Journal of Gene Medicine
J Gene Med. 2008 Apr;10(4):400-11. doi: 10.1002/jgm.1161.
Copolymers based on poly-[N-(2-hydroxypropyl) methacrylamide] (HPMA) have been used previously to enable targeted delivery of adenovirus. Here we demonstrate polymer-coating techniques can also be used to modify and retarget adeno-associated virus (AAV) types 5 and 8.
Three strategies for modifying transductional targeting of AAV were employed. The first involved direct reaction of AAV5 or AAV8 with amino-reactive HPMA copolymer. The second approach used carbodiimide (EDC) chemistry to increase the number of surface amino groups on the AAV5 capsid, thereby improving coating efficiency. In the third approach, the AAV5 genome was isolated from capsid proteins and delivered in a synthetic polyplex consisting of polyethylenimine (PEI) and HPMA.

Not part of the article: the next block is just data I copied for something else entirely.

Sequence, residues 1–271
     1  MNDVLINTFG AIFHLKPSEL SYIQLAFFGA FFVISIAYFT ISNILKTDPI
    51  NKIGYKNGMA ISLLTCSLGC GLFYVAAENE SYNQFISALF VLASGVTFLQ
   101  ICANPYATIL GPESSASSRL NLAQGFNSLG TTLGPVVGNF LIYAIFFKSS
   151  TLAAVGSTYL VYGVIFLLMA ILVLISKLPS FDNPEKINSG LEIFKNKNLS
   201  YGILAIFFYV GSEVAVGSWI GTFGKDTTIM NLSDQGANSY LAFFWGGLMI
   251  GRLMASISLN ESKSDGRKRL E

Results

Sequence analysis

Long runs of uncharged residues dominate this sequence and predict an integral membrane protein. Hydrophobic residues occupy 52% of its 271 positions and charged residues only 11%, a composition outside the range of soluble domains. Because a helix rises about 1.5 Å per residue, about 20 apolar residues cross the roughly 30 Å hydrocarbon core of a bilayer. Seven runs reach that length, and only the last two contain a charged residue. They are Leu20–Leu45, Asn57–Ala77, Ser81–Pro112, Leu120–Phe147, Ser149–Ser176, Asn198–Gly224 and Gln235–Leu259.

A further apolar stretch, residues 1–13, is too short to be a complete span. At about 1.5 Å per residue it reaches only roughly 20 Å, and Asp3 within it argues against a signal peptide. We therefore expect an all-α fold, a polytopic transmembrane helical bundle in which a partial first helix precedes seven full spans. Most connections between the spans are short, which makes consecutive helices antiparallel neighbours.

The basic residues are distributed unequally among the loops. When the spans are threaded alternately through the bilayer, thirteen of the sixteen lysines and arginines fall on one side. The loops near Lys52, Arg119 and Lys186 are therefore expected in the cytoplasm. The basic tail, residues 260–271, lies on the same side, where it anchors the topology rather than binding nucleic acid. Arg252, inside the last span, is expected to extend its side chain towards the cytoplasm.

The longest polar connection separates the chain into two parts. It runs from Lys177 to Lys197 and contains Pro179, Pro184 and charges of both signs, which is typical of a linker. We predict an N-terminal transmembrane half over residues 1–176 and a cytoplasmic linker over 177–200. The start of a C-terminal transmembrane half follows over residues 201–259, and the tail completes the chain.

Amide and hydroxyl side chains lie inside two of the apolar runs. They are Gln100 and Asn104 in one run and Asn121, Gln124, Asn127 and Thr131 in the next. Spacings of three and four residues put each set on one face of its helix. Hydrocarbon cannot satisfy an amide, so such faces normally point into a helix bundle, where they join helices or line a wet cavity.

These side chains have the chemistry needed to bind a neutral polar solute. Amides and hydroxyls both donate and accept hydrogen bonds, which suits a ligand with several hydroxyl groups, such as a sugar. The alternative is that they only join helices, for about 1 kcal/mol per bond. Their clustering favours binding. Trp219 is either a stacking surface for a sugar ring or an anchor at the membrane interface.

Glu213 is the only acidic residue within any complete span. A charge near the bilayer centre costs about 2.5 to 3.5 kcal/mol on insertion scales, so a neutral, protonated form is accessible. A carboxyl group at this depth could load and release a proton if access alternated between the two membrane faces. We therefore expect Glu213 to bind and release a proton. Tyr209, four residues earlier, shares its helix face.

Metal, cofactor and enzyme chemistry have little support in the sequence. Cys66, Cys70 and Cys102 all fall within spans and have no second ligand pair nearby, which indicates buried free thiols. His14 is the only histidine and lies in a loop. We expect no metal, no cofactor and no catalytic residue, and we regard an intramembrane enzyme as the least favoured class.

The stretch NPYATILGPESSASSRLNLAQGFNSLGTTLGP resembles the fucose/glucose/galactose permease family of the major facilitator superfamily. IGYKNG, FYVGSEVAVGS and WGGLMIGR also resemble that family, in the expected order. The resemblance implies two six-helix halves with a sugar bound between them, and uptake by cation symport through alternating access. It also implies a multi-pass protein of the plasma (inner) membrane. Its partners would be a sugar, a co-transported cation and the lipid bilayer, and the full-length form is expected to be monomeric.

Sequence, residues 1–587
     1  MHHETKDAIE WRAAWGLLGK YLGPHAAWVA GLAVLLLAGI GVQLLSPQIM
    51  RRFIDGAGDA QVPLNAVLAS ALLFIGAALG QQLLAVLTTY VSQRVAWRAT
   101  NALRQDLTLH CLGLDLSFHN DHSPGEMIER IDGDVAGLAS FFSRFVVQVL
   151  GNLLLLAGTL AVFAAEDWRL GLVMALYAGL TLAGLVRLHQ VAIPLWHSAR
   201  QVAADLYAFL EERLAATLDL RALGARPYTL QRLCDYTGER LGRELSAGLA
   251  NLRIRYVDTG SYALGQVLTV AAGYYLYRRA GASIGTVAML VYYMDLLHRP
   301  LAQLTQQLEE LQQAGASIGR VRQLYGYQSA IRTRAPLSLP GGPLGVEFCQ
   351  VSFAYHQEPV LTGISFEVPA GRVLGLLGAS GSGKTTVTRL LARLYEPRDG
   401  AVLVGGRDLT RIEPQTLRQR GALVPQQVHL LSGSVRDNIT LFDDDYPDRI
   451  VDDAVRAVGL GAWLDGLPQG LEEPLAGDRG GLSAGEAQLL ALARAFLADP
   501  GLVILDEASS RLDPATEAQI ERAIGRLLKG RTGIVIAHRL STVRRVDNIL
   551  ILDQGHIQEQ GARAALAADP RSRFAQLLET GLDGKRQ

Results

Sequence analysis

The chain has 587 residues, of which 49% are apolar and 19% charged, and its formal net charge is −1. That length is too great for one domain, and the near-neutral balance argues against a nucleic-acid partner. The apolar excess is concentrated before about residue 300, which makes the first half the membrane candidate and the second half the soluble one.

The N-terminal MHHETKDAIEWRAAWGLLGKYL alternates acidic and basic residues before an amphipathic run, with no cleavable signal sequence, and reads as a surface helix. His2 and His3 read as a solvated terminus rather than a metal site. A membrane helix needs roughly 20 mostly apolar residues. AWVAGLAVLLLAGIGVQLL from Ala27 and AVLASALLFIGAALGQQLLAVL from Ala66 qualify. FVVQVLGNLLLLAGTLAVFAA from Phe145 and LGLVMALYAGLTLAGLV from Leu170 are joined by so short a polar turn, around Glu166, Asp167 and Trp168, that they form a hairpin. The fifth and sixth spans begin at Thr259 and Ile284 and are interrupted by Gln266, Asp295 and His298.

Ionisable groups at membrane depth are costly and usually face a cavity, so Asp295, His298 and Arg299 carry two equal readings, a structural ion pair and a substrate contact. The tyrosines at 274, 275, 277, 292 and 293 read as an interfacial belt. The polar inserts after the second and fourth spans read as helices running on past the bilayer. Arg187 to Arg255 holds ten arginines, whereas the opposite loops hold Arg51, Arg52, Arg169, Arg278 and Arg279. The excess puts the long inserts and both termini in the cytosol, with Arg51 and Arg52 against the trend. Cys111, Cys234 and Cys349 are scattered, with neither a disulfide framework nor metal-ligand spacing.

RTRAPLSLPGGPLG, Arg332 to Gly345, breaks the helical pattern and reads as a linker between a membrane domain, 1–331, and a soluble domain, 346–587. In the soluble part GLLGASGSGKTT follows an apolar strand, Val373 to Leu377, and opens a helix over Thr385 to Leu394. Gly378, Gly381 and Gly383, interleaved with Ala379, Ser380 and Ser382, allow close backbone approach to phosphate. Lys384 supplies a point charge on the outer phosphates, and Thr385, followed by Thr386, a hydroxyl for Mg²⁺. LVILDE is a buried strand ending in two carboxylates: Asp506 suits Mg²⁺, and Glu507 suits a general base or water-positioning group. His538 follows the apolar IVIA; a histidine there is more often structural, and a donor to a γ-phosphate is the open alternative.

Efficient covalent attachment of HPMA copolymer to AAV5 could only be achieved following modification of the virus with EDC. Coating inhibited sialic acid dependent infection and provided a platform for retargeting via new ligands, including basic fibroblast growth factor. Retargeted infection was shown to be partially resistant to neutralising antisera. Delivery of AAV5 genomes using PEI and HPMA was efficient and provided absolute control of tropism and protection from antisera. In contrast AAV8 could be reacted directly with HPMA copolymer and allowed specific retargeting via the epidermal growth factor receptor, but gave no protection against neutralising antisera.
Reactive HPMA polymers can be used to ablate the natural tropism of both AAV8 and EDC-modified AAV5 and enable receptor-specific infection by incorporation of targeting ligands. These data show transductional targeting strategies can be used to improve the versatility of AAV vectors.